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Old 07-17-2009, 08:39 AM   #34
George S. Ledyard
 
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Dojo: Aikido Eastside
Location: Bellevue, WA
Join Date: Jun 2000
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Re: Transmission, Inheritance, Emulation 13

Quote:
Ron Tisdale wrote: View Post


I went to one seminar that he taught in my area, and I'd like to try another. He comes here once a year I understand, so I will try again. Some of the waza I got...some I had no clue what was supposed to happen, or how to make it happen in any case! I had a very good time. I haven't read any of his books yet. One more thing to do...

Yes, I used to train with him everytime he came here to the East Coast. I still try to go see him when he comes, but haven't been able to train with him as much. I do get to pick up some wonderfull calligraphy and art work though!

And also a yes, there is a lot of the layman's comparative lit flavor to that treatment of kotodama. I did enjoy it though...he would often start class with it, and something about the vocalization "resonates" with me. But as time has gone on, I believe I understand better the depth involved in really persuing that portion of Ueshiba's legacy...and I guess I don't have as much "faith" that if there is power there, it will all work out somehow without my understanding it.

Best,
Ron
Hi Ron,
What I particularly like about Gleason Sensei is the fact that he can give you the flavor of how the Founder thought about what he did. O-Sensei's ideas about what he was doing when he was on the mat are so completely foreign to most nodern practitioners that what they are doing is almost a separate art.

For the Founder, physical technique was a direct manifestation of kototama. In each technique you essentially recreate the universe. Each technique embodies a different balance that still adds up to the whole. Like 10 can be looked at as 9+1 or 8+2 or 7+3, etc But each is an energetic whole.

Technique as physical expression of kototama principles ends up being sort of like Tibetan sand mandalas or Hopi / Navajo sand paintings. The are created, exist only for a short time and then are destroyed. A technique in Aikido is like that. You recreate the essential wholeness and balance of the universe (which is also the wholeness and balance within you) in time and then it's gone. It will never be created exactly the same way again. You can see why O-Sensei treated technique very reverently... each is a sort of sacred work of art.

Anyway, the question remains... if you do not have an understanding of the kototama practice, and your physical Aikido practice is necessarily a separate activity due to that fact, does the practice embody the same kind of energetic / spiritual properties which were present for the Founder in his practice?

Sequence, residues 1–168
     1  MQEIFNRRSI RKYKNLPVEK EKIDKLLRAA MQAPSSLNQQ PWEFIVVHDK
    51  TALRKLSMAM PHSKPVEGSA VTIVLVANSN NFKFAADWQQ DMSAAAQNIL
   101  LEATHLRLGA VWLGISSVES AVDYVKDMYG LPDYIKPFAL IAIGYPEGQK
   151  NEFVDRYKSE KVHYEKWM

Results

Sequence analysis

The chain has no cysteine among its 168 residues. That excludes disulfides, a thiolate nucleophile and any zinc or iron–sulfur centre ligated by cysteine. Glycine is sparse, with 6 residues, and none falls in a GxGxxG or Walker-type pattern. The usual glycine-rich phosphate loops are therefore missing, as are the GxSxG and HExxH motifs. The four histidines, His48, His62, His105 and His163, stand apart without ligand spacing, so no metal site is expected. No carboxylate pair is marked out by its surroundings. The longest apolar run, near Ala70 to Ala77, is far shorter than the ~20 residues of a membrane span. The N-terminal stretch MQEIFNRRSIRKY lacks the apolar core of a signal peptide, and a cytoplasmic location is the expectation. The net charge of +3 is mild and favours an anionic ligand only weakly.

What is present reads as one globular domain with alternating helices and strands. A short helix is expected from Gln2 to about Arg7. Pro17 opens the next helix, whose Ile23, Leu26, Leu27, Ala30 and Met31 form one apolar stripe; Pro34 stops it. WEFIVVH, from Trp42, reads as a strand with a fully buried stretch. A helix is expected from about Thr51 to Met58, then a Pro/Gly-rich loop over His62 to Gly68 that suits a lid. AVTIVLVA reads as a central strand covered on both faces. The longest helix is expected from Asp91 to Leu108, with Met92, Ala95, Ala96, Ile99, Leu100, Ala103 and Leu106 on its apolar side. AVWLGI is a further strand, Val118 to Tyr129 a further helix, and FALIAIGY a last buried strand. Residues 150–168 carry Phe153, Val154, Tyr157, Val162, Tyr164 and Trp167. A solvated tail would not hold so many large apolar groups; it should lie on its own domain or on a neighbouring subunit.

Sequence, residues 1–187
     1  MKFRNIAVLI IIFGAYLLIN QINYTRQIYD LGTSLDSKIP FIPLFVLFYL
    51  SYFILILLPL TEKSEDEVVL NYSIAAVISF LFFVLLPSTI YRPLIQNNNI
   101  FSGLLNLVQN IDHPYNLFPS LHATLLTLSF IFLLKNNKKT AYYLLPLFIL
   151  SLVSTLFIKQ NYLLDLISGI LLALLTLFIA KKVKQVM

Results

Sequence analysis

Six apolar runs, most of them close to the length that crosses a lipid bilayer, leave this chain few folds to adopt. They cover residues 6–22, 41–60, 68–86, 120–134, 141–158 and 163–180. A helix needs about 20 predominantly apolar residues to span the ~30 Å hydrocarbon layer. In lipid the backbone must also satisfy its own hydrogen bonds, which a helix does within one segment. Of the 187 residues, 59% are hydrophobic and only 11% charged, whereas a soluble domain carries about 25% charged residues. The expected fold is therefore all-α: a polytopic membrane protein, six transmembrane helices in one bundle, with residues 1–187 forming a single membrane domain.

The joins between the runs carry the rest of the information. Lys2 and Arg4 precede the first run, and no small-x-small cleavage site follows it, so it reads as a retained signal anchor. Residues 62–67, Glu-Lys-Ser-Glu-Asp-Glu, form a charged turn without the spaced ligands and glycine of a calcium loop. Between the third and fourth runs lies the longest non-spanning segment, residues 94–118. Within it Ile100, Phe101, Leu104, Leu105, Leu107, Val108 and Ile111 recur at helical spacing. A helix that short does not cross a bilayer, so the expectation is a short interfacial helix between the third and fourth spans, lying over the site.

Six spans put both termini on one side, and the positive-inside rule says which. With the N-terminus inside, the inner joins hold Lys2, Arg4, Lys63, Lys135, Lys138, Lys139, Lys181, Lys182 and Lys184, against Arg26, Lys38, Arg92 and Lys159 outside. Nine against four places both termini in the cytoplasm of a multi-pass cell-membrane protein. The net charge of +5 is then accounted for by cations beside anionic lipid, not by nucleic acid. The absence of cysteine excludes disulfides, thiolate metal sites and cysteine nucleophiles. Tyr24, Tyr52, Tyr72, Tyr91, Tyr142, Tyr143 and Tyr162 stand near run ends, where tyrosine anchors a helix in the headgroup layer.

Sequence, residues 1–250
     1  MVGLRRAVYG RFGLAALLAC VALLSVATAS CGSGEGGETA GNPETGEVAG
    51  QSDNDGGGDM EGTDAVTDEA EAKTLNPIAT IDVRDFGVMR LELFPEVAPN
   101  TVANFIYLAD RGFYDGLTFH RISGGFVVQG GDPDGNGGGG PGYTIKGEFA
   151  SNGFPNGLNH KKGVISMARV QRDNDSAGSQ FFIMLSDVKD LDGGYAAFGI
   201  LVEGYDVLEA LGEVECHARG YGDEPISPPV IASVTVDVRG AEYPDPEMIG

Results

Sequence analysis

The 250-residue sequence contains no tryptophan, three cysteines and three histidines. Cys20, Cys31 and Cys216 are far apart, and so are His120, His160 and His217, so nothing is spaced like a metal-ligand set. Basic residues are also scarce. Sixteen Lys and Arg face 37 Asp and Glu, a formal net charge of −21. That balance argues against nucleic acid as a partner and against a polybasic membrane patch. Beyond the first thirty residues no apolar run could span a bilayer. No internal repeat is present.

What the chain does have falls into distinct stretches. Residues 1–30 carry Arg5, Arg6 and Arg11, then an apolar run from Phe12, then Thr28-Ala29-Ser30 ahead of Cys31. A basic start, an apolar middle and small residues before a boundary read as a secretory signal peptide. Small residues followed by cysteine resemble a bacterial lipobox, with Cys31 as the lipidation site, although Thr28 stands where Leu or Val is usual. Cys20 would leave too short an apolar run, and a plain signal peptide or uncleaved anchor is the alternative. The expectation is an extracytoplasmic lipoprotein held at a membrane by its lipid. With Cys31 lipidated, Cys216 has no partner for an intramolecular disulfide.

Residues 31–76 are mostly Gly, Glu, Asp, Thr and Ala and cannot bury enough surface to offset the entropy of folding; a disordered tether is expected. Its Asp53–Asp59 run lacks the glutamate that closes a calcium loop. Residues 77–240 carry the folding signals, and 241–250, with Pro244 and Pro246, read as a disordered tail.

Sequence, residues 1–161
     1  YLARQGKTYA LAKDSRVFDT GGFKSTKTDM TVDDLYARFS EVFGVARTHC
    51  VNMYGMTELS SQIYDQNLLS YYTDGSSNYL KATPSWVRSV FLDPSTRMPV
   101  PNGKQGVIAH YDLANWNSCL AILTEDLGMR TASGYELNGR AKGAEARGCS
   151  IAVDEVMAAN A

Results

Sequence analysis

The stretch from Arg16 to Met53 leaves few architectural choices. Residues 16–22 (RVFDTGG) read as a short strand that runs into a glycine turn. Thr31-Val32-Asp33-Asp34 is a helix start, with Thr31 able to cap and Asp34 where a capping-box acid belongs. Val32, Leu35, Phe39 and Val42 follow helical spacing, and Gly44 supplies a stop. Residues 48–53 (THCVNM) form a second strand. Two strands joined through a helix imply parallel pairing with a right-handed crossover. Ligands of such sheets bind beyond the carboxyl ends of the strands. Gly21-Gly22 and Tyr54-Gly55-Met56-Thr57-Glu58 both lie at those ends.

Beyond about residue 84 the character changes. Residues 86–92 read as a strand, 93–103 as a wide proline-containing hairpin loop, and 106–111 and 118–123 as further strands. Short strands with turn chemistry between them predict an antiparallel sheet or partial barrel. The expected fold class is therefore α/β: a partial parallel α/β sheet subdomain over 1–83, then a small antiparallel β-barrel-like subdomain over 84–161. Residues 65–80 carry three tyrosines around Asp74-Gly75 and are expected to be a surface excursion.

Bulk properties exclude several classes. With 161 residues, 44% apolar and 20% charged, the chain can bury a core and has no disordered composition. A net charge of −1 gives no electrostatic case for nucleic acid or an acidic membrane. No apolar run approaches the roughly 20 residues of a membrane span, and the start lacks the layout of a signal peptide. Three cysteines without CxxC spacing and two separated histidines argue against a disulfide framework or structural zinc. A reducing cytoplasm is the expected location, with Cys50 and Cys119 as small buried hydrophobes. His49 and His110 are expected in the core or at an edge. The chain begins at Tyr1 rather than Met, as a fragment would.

My take on this would be yes. I think that on some level the "doing" of Aikido, at least if one endeavors to get past simply physical, muscle driven waza to something resembling "aiki", the waza contain the elements of balance of energetic forces the Founder believed were the manifestation of the kototama. Not knowing anything about the kototama, you are still embodying the principles in your practice. I think that O-Sensei saw this activity as transformative in itself.

In virtually all Asian spiritual systems there is the belief that the microcosm contains the macrocosm. "Thou art that" goes back to the Upanishads in India. I think that O-Sensei created the practice of Aikido to be a way to bring the inner and the outer into harmony. But it works in two directions... you are bringing yourself into harmony with some universal balance and at the same time, your practice is helping to maintain that balance. You don't actually need to know the kototama to have your practice do this. You simply need to do your waza with the proper attitude and manifesting proper aiki principles. By doing this you change yourself and you change the world around you.

So anyway, I like Gleason Sensei because he is one of the few people you can train with who can give you this flavor. It's not exactly precisely the same understanding of kototama that O-Sensei had... I don't think anyone can duplicate that (maybe Abe and Sunadomari would be closest). But I think that the Founder was aware of this and felt it didn't matter because the principles are inherent in the waza. If you train sincerely with the proper attitude, it's all in the waza. He called them the Divine Techniques for a reason.

I think that is why O-Sensei made no real attempt to incorporate kotiotama practice into the Aikido that was spread world wide after the war. For him, it was already in there and it wasn't necessary that you understand the details, just the larger sense of the practice as something sacred. The rest takes care of itself.

George S. Ledyard
Aikido Eastside
Bellevue, WA
Aikido Eastside
AikidoDvds.Com
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